Todd Helton and the Hall of Fame

By | January 16, 2006

My friend Brian and I like to try to stump each other with baseball trivia questions, so we email back and forth sometimes. Today’s question from Brian was this:

If Todd Helton hits 29 more homers in his career and keep his career batting average over .330 (currently .337), he will become only the seventh player with 300 home runs and a .330 batting average. Name the other six. I will give the answer at the end of this post, but what I want to talk about is what Brian said about Helton as a sidenote:

NOTE: Helton will almost assuredly hit 59 homers before his career is over, putting him over the 330 mark. If he can maintain his batting average over .330 (not such a certainty), he would be the 5th member of the 330 Club (330 homers and .330 career average). If he can accomplish this feat (or even be close to it), I think he deserves to go straight to the Cooperstown, Coors Field or no Coors Field. I don’t care what ballpark you play your home games in, but 330 home runs combined with a .330 average should get you to the Hall of Fame.

This got me thinking about Helton’s Hall of Fame credentials, and I thought I’d put my thoughts here.

Helton has played eight complete seasons, with 35 games in 1997. That means that if Helton retired today, he would definitely not make the Hall of Fame, since a player is not eligible unless he has played in ten different seasons. Once he plays in a game in 2006, he will be Hall-eligible, and the debate begins. If we are assuming that Helton hits 59 more homers in his career, we are assuming that he plays at least two more seasons. Since Brian’s point is that the 330/.330 should put him in the Hall of Fame, we are going to assume he plays JUST long enough to reach that milestone, and I am going to give him his career averages on stats for the next two years. So after 2007, his career stats look like this:

1997 35 93 13 26 2 1 5 11 8 11 .280 .337 .484 45
1998 152 530 78 167 37 1 25 97 53 54 .315 .380 .530 281
1999 159 578 114 185 39 5 35 113 68 77 .320 .395 .587 339
2000 160 580 138 216 59 2 42 147 103 61 .372 .463 .698 405
2001 159 587 132 197 54 2 49 146 98 104 .336 .432 .685 402
2002 156 553 107 182 39 4 30 109 99 91 .329 .429 .577 319
2003 160 583 135 209 49 5 33 117 111 72 .358 .458 .630 367
2004 154 547 115 190 49 2 32 96 127 72 .347 .469 .620 339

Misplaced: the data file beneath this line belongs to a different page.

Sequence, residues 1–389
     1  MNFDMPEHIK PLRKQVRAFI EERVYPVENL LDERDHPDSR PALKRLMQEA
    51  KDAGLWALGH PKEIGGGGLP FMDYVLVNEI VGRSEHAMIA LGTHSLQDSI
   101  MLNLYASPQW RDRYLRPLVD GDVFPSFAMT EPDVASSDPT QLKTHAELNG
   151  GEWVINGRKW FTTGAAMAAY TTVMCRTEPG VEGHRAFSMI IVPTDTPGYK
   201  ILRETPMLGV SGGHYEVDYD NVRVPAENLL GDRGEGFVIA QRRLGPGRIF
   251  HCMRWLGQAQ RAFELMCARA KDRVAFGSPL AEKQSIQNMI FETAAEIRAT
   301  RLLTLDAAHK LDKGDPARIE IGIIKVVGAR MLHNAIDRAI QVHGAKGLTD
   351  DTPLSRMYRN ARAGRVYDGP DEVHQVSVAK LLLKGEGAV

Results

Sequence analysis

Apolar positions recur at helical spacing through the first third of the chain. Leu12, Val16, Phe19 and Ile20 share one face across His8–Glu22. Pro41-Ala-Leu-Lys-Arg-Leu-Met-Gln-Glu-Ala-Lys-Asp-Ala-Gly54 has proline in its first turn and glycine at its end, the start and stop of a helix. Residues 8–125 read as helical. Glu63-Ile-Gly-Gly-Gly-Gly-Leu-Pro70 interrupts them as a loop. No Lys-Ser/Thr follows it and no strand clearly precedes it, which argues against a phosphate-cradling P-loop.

2005 144 509 92 163 45 2 20 79 106 80 .320 .445 .534 272
2006 156 558 114 189 46 3 33 113 96 76 .337 .434 .608 341
2007 156 558 114 189 46 3 33 113 96 76 .337 .434 .608 341
Totals 1590 5677 1152 1912 466 30 338 1141 964 775 .337 .434 .608 3450

Very impressive statistics, indeed. So where does Coors Field come into play? Todd Helton will be the first player to come up for Hall of Fame consideration after playing his entire career in Colorado, so he will be a pioneer in that respect. Just as Mark McGwire’s candidacy next year will give us an idea how the voters will deal with the steroid era, Helton’s candidacy (for purposes of our discussion, in 2012) will give us an idea about the Colorado era.

But regardless of whether he WILL get elected or not, the question is whether he SHOULD. I think you have to take into account the Colorado Effect on all of his numbers, but the power numbers moreso than the average numbers. Based on the splits of his career, Helton hits about 1.63 home runs at home for every one he hits on the road, and his batting average on the road is only 83% what it is at home. Based on the splits, we can safely say that if Helton did not play in Colorado, his 338 homers and .337 batting average would be closer to 207 and .305, respectively. And his hits, which are already a borderline 1912, would be somewhere around 1730 if he played somewhere else.

In a lot of ways, this debate resembles the debate about closers in the Hall of Fame. In a column a week or two ago,’s Rob Neyer listed a couple general rules about relief pitchers, two of which parallel this discussion:

Rule 2: Nearly every great relief pitcher was a failed starting pitcher.

Rule 3: Most good starting pitchers could be great relief pitchers.

Simply put, a lot of guys who put up great numbers in Colorado were mediocre in other places, and nearly everyone who is mediocre somewhere else could be better in Colorado. (Of course, we are talking about offensive players.) Guys like Preston Wilson, Dante Bichette, Andres Galarraga, Vinny Castilla, Ellis Burks, Jeff Cirillo, etc., can all attest to the fact that a hitter’s life is much nicer in Denver than anywhere else. Galarraga is the only one on that list who ever accomplished much of anything outside of Colorado.

But this issue is a little easier to resolve than the relief pitcher issue, because hitters have to play half their games in opposing parks, whereas relief pitchers don’t start games. We have no idea if Mariano Rivera would be a dominant starting pitcher, because there is nothing to base it on. But we know that Todd Helton would be a pretty good player if he played outside Colorado, because the numbers tell us he would be a .305, 20-homer guy every season. But .305 and 207 career homers are not numbers that will get you into the Hall of Fame.